After South Korea ushered in democracy in 1988, social movement organizations splintered and farmer protests continued over trade liberalization and land disputes. Today, farmers are a vocal part of ongoing political struggles. Just last year, farmers from all corners of the country joined the massive protests against then President Park Geun-hye in Seoul that captivated the world, many of them driving their tractors and trucks toward the capital until they were stopped by police.
Nonghwal is rooted in this same spirit of resistance and continues today. Many nonghwal programs now center around environmental issues and position farmers as the teachers. At a short nonghwal in Korea that I joined last year, we called the farmers “nongbu-nim” and “seonsaeng-nim,” using honorifics traditionally reserved for scholars and doctors.
Supporting Farmers of Color
Miller and Leach’s nonghwal program in California has coalesced around one question in particular: How can we support farmers of color growing heritage varietals?
Farmers of color around the U.S. have historically faced structural barriers such as access to land and capital. But there’s an additional level of irony for those struggling to reclaim their traditional farming methods. As Leach points out, many of the same colonial forces that exported industrial farming and replaced traditional methods in places like postwar Korea now profit from marketing organic and “natural” foods back to the same people whose ancestors once grew them. “People get dispossessed of that knowledge and then it gets repackaged and sold back,” she says.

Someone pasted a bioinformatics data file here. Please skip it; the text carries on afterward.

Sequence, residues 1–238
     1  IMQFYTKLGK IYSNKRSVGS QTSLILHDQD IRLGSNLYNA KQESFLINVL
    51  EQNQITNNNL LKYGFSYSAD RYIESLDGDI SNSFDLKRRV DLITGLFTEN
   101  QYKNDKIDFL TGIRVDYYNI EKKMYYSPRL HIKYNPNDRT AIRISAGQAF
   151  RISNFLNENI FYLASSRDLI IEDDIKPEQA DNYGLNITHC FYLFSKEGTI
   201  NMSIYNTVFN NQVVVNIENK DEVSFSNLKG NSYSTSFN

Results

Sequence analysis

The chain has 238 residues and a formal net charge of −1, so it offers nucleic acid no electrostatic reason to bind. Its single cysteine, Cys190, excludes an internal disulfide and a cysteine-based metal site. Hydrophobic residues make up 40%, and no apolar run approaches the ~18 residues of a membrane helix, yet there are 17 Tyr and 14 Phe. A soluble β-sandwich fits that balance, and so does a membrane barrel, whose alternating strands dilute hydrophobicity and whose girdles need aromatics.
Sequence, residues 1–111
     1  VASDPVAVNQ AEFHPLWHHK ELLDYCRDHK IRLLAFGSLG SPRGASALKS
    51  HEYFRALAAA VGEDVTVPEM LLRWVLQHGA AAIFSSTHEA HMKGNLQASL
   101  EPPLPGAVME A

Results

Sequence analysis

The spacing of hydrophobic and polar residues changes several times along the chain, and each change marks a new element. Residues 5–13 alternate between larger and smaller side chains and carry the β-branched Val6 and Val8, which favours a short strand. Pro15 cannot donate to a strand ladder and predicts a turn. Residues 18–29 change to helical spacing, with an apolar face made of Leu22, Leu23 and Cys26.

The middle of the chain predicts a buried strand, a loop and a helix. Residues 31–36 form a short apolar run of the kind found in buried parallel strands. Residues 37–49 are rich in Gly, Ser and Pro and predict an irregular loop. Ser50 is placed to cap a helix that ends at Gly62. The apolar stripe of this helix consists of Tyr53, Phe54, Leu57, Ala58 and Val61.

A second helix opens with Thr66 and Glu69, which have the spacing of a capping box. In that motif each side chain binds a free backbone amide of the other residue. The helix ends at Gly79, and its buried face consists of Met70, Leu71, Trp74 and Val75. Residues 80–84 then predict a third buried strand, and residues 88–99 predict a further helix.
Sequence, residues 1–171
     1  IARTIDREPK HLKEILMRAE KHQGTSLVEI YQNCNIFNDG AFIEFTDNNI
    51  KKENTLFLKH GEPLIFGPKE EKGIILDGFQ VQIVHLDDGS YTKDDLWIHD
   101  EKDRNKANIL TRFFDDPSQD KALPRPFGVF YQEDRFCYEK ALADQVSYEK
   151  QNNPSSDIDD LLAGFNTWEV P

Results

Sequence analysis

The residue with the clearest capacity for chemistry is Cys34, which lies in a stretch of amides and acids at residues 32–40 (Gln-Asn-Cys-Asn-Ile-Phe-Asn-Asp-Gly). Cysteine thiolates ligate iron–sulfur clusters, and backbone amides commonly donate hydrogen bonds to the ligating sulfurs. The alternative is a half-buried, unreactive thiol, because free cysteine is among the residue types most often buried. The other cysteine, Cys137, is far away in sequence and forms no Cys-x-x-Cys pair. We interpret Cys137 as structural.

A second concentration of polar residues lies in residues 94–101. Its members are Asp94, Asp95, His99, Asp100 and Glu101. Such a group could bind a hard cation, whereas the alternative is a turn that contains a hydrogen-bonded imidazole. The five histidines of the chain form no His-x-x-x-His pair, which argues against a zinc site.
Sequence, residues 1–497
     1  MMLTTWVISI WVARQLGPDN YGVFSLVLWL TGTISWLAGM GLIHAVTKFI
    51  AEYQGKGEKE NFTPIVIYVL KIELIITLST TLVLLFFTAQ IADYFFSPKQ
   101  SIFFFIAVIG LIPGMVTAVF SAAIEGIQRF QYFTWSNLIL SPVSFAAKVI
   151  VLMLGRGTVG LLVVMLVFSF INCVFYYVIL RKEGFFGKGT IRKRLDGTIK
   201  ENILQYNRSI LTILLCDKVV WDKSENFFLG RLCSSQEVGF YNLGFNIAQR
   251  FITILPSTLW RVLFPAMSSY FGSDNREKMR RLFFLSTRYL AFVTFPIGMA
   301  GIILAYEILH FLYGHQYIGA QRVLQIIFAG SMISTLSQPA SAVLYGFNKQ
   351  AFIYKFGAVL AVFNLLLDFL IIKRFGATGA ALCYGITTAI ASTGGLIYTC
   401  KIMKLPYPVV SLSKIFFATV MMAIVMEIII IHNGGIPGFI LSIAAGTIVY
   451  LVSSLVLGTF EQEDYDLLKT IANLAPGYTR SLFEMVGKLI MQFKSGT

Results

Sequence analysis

A central piece of resistance to white supremacy is seed sovereignty—the right to save and claim ownership over one’s own seeds—an issue Leach says is still a blind spot even within the organic movement, itself a largely white-dominated space. At a time when the issue of seed ownership is more fraught than ever (just four corporations will soon own over half of the world’s seeds), indigenous farmers and other people of color in the food system often get lost in the churn.